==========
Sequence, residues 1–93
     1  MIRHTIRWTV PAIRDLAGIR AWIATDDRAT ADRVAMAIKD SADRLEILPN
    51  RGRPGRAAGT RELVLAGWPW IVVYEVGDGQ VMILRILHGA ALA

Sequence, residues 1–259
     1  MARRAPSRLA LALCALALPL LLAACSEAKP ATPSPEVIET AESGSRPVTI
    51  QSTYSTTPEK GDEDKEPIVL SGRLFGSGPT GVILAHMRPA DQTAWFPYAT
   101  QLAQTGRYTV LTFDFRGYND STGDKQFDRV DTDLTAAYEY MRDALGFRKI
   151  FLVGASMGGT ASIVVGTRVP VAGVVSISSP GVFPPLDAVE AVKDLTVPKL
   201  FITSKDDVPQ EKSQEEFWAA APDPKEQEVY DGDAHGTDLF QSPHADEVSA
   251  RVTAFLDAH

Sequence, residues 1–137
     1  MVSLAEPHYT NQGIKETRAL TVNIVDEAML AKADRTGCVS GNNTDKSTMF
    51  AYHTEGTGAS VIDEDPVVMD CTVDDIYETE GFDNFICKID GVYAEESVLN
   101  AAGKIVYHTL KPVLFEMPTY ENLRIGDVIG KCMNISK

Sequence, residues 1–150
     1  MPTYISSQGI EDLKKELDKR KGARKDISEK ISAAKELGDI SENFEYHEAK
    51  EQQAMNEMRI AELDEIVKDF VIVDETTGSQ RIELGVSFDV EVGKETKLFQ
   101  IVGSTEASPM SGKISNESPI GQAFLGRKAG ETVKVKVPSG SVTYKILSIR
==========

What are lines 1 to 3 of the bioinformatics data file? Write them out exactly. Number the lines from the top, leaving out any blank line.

Sequence, residues 1–93
     1  MIRHTIRWTV PAIRDLAGIR AWIATDDRAT ADRVAMAIKD SADRLEILPN
    51  RGRPGRAAGT RELVLAGWPW IVVYEVGDGQ VMILRILHGA ALA